Sunday, November 28, 2004

Seattle Public Library - Rem Koolhas.

Seattle Public Library. Designed by renowned architect Rem Koolhaas and his Office for Metropolitan Architecture (OMA), and Seattle-based LMN Architects, the new 363,000-square-foot Seattle Public Library is offically open to the public.

The $165 million library was designed to reflect both the building's content and how it will be used. The new structure, on the site where Seattle's first permanent public library was built in 1906, has space for 1.4 million books -- a half-million more than its predecessor -- and is equipped with more than 400 computers.

The new library will house the library's main collection of books, government publications, periodicals, audio visual materials and the technology to access and distribute information from the physical collection online.

The building is divided into horizontal layers, each varying in size and shape. Each of these levels has its own function, including "the Living Room," featuring long couches and a coffee bar; "the Reading Room," a more traditional setting; and the "Teen Center." A "Mixing Chamber" has a reference center that includes 132 public computers, wireless hot spots for people to research on their own laptops, and a conference room.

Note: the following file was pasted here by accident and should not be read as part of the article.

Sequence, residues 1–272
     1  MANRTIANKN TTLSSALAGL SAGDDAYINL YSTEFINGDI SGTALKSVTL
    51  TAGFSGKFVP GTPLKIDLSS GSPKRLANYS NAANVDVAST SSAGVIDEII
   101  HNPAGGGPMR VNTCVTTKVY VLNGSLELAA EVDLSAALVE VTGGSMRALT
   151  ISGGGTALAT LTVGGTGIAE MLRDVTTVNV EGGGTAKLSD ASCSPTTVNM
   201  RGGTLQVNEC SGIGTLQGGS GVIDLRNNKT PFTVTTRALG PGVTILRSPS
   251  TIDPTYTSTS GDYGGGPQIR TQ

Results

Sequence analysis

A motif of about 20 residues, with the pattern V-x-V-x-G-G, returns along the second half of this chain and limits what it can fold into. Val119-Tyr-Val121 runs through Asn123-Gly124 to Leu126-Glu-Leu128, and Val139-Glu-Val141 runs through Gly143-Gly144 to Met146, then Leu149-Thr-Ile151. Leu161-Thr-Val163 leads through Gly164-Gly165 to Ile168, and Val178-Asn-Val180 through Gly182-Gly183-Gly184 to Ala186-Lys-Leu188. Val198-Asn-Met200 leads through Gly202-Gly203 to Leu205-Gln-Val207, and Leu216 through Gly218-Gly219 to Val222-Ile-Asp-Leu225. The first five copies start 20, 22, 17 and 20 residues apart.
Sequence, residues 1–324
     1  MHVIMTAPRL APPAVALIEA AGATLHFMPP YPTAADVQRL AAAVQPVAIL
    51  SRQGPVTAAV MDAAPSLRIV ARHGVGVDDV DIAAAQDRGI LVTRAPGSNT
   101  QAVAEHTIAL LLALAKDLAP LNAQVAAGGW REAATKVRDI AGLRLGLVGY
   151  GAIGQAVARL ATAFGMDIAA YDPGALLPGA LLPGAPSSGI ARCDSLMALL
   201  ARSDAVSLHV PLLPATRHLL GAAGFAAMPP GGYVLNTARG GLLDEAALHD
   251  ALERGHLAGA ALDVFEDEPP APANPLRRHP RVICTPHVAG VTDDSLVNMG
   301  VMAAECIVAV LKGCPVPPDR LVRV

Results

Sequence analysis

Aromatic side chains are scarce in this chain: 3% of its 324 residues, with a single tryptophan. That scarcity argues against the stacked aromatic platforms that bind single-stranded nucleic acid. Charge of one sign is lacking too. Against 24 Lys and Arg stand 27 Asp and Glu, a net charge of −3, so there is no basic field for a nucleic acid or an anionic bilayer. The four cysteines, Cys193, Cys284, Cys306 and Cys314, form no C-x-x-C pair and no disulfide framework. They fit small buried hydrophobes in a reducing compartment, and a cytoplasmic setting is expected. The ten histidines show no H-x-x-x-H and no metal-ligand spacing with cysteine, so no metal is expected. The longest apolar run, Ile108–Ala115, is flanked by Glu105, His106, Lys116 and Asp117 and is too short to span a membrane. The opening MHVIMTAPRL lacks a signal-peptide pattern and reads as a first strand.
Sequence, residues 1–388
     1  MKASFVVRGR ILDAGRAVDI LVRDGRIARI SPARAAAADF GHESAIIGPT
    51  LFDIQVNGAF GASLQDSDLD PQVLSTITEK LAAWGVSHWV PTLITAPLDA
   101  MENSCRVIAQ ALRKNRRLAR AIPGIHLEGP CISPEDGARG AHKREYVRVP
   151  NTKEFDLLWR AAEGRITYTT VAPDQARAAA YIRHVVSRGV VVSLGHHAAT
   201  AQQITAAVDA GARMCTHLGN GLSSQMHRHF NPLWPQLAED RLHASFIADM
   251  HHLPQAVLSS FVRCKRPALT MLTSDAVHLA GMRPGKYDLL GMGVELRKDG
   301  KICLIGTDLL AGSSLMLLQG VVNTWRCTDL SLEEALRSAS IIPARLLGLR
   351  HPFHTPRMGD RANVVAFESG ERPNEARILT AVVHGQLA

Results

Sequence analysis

Children will have a 15,000-square-foot area for their books, six times larger than in the old library. There is also a 275-seat auditorium which can be expanded by 150 seats, connecting the two main entries, while a soaring atrium lobby extends along the southern half of the building. The building features five main "platforms," or levels, that are pushed and pulled out, creating an angular effect. Appearing as if it has just been through an earthquake one layer stacked and shifted upon the next. Between these platforms are floating layers, which provide the libraries public spaces. The asymmetric form(s) create not only a work of art, but are sure to serve as a magnet that will spark excitement for both the library and the surrounding context. Koolhaas stated "it would be a pity to be as boring as the context." The building appears transparent, clad in two layers of glass -- between which are steel tubes that join together to form a lattice of diamond shapes.

The steel-tubed skin of the new library, Koolhaas said, "not only provides the main structural support for the building but also modulates light and, with built-in coolers and filters, controls internal air temperature." He noted the building is "pre-quaked," with its irregular shape helping to counteract the movement of an earthquake. With an array of brilliant yellow escalators, colorful floor and wall treatments, waist-high signage, cavernous hallways, the library assist in providing a fun filled learning experience.

Instead of being a boring book warehouse this library demands investigation. Circulation through the library includes a continuous square ramp winding upward through four levels of the entire non-fiction collection. Above the stacks on the tenth floor a reading room with slanted glass walls provides a unique perspective on the Seattle skyline.